White House Reporter to Obama: Are You a Dictator Or Just a Pansy?

ABC's Jonathan Karl poses a question so loaded, it's amazing he didn't tip over while asking it.
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ABC's Jonathan Karl poses a question so loaded, it's amazing he didn't tip over while asking it.
emperorobama

At the conclusion of the White House's U.S.-Africa Leaders Summit last night, President Obama held a press conference at which he addressed a number of issues, but the thing that really stood out was the absurd framing of Jonathan Karl's question about the President's use of executive authority. The ABC News Chief White House Correspondent gave President Obama two choices of how his use of executive orders are viewed, neither of them good. The best part of this clip is President Obama's knowing grin as Karl finishes his question:

"Does it bother you more to be accused of being an imperial President, pushing those limits, or to be accused of being a do-nothing President who couldn’t get anything done because he faced a dysfunctional Congress?"

Granted, this question is coming from a reporter who is known for asking bullshit questions (even the President has noticed this) and fabricating reporting against him, but the narrative that everything Republicans do is Obama's fault has firmly taken root in the mainstream media, and has even metastasized into the supposedly liberal media. This isn't a "When did you stop beating your wife?" question, it's a "How hard does beating your wife get you; raging hard, or call-your-doctor hard?" question.

It also had the added benefit of the out-of-context "Gotcha!" quote, because then-Senator Obama was speaking about the specific issue of civil liberties. He was not making a broad statement about the use of executive orders.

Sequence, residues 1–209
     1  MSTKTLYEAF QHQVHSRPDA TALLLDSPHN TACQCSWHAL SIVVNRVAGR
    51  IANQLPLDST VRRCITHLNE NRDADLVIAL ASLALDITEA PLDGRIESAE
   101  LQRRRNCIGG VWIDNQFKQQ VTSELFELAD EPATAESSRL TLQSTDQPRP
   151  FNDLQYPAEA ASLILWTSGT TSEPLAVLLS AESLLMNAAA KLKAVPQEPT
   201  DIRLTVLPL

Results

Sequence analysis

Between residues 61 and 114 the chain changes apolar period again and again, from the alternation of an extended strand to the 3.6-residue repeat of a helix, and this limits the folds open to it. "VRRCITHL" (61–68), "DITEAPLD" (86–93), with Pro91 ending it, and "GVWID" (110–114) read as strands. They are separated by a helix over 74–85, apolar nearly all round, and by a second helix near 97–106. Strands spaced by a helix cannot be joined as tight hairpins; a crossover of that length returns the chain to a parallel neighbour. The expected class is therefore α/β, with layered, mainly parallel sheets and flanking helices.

The President delivered a characteristically measured, Bill Bixby-esque response, and made some news (for careful listeners) with his response to Karl's followup question, "Do you believe you have the power to grant work permits to those who are here illegally?"

"What I certainly recognize with respect to immigration reform -- and I’ve said this in the past -- is that we have a broken system; it’s under-resourced; and we’ve got to make choices in terms of how we allocate personnel and resources.

"So if I’m going to, for example, send more immigration judges down to the border to process some of these unaccompanied children that have arrived at the border, then that’s coming from someplace else, and we’re going to have to prioritize. That’s well within our authorities and prosecutorial discretion.

"My preference would be an actual comprehensive immigration law. And we already have a bipartisan law that would solve a whole bunch of these problems. Until that happens, I’m going to have to make choices. That’s what I was elected to do."

People are having a tough time parsing that answer, even characterizing it as evasive, so let me translate it for you: "Yes." What the President is doing here is laying out, step by step, the legal rationale for expanding deferred action, the same rationale that was used for Deferred Action for Childhood Arrivals. The reason he didn't just say "yes" wasn't for purposes of evasion, it's because within that legal rationale, work permits aren't the objective of the exercise, prosecutorial discretion is.

That doesn't necessarily mean the President will expand deferred action, but he probably will, and so the question now is how broadly he will expand it, and how long Republicans will wait to impeach him over it.